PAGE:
Another interesting link comes from the term ‘Awen’, familiar to students of neo-druidry and those with an interest in Welsh celtic reconstructionism. This is usually described as meaning ‘poetic inspiration’ and is indeed related to the previously mentioned Celtic word for river: it implies a flow of inspiration. If Cormac’s 10thC ‘Glossary’ is to be trusted, the triform Brigit was the pagan goddess of poetry among the Irish and she and Áine appear to be different aspects of a triple goddess of the annual cycle, represented by the Maiden (Brigit, goddess of spring), the Mother (Aine, goddess of summer) and the Crone (the Cailleach who represents winter). The multi-dimensional mystery of this triple formed goddess and her triple-formed consort must have been a core spiritual tenet of the druidic religion, now lost, but seemingly within grasping distance for us once again…







Gods and Robbers: ‘Twm Siôn Cati’

The Welsh answer to England’s ‘Robin Hood’ legend is that of ‘Twm Siôn Cati’ (pron. ‘Toum Shon Catti’), whose legend has in modern times been popularly located (like that of Scotland’s Sawney Bean and Ireland’s Caher Roe) in the fractious 16th century during the period of unrest following the Protestant Reformation. Modern authors have attempted to give historicity to the character, giving him an air of political legitimacy, not in the least because – unlike Sawney – Twm was a ‘good fellow’.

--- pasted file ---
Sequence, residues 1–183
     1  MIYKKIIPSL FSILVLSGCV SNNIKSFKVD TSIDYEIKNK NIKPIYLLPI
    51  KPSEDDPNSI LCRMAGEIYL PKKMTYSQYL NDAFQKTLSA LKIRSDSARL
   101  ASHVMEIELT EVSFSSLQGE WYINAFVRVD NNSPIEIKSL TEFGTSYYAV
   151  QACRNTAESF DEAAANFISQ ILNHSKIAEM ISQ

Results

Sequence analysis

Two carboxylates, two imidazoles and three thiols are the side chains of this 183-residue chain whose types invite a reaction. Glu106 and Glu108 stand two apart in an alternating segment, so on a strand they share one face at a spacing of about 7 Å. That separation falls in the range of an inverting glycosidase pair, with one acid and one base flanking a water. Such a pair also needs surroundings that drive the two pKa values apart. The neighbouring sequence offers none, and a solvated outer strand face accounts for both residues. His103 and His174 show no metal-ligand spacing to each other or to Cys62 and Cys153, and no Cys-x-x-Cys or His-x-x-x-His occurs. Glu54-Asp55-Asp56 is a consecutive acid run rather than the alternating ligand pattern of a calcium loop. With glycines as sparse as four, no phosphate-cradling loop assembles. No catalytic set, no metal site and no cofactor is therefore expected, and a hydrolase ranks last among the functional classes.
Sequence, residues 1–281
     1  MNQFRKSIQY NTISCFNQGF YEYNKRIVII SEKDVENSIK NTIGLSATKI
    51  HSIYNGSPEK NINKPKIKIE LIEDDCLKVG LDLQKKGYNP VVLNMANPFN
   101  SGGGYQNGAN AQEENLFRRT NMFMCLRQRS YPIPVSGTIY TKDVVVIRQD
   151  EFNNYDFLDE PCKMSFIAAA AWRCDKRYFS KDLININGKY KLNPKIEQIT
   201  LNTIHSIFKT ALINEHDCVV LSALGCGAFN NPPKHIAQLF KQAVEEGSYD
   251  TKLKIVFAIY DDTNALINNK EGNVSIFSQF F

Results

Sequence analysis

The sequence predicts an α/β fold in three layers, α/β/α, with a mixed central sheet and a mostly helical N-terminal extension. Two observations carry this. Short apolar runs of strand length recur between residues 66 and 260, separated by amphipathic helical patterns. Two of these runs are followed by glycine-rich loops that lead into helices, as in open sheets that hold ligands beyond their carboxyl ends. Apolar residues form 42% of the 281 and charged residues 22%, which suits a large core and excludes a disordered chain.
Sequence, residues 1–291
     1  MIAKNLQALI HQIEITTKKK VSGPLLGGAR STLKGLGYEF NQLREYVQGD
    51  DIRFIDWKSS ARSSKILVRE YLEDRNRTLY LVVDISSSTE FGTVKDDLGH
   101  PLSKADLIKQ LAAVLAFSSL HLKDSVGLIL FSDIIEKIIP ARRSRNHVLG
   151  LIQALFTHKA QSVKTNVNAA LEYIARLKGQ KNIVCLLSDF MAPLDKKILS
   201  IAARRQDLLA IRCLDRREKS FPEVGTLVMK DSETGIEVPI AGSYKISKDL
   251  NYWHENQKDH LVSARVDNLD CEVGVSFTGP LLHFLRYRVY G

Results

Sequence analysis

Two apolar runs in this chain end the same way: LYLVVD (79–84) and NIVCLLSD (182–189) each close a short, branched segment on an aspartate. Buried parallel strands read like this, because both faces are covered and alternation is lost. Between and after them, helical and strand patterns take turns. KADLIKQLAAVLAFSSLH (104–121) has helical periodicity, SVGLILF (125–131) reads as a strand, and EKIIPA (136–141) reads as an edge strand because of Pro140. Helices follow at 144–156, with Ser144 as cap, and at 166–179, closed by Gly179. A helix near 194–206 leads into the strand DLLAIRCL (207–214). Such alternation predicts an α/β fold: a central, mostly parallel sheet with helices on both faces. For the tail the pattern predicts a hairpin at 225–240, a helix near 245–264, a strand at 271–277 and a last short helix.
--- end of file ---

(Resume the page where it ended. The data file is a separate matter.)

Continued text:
A ‘historical’ Twm?

The usual modern tale told of the euhemerised ‘historical Twm’  is that he was born Thomas Jones, illegitimate son of Catherine ‘Cati’ Jones of Tregaron and the more regally connected Siôn ap Dafydd ap Madog ap Hywel ‘Moetheu’ (?Matthew) of Porth-y-Ffin (also described as ‘John Wynne of Gwydir’ in some texts), circa 1530. Why this has come to be so often-repeated is solely due to the desire to fix ‘Twm’ with a provenance, either (as in the case of Robin Hood) out of civic pride or to suit the romantic prejudices of authors with theories on the subject, of which there have been a not inconsiderable number. The modern tale seemingly derives from ‘The Adventures and Vagaries of Twm Shon Catti’ by patriotic Welsh romanticist-antiquarian T J Llewelyn Prichard (Pub. Cox, Aberystwyth 1828) and has been enlarged upon to form the current ‘tourist’ myth. However, like with ‘Sawney Bean’ its origins as historical are in dispute: For instance, a play ‘Twm Shon Catty, or, The Welsh Rob Roy’ reviewed in the 1823 edition of the ‘The Drama‘ magazine places Twm as a knight and lord during the reign of Henry IV (d.1413). Evidently, the desire to establish provenance in the confused political landscape following the reformation was again to blame for the metamorphosis of the popular narrative. Thomas Pennant noted in his ‘A Tour in Wales, 1770’ (Vol.2 p.137) that the legend of outlawry associated with the seat of the influential 16thC Wynnes of Gwydir was ascribed to an earlier character, Hoel ap Evan ap Rhys Gethin. The historic Thomas Jones (Hoel’s later ancestor) does not get a mention by Pennant, who evidently had access to Welsh pedigrees when writing this work, again pushing the legend back over the medieval ‘event horizon’ and therefore into the world of legendary historical fantasy where kingship was believed derived either from god, or the blessings of fairies, or both, and sleeping saviours would return to fight the usurpers of the land. This was, of course, the world of the early 15thC and the rebellion of Owain Glyndŵr against English hegemony – a time when Welsh monarchs and gentry became ‘outlaws’ and ‘bandits’ in English polemic tradition. Curiously, the legendary exploits of Twm and Owain seem similar.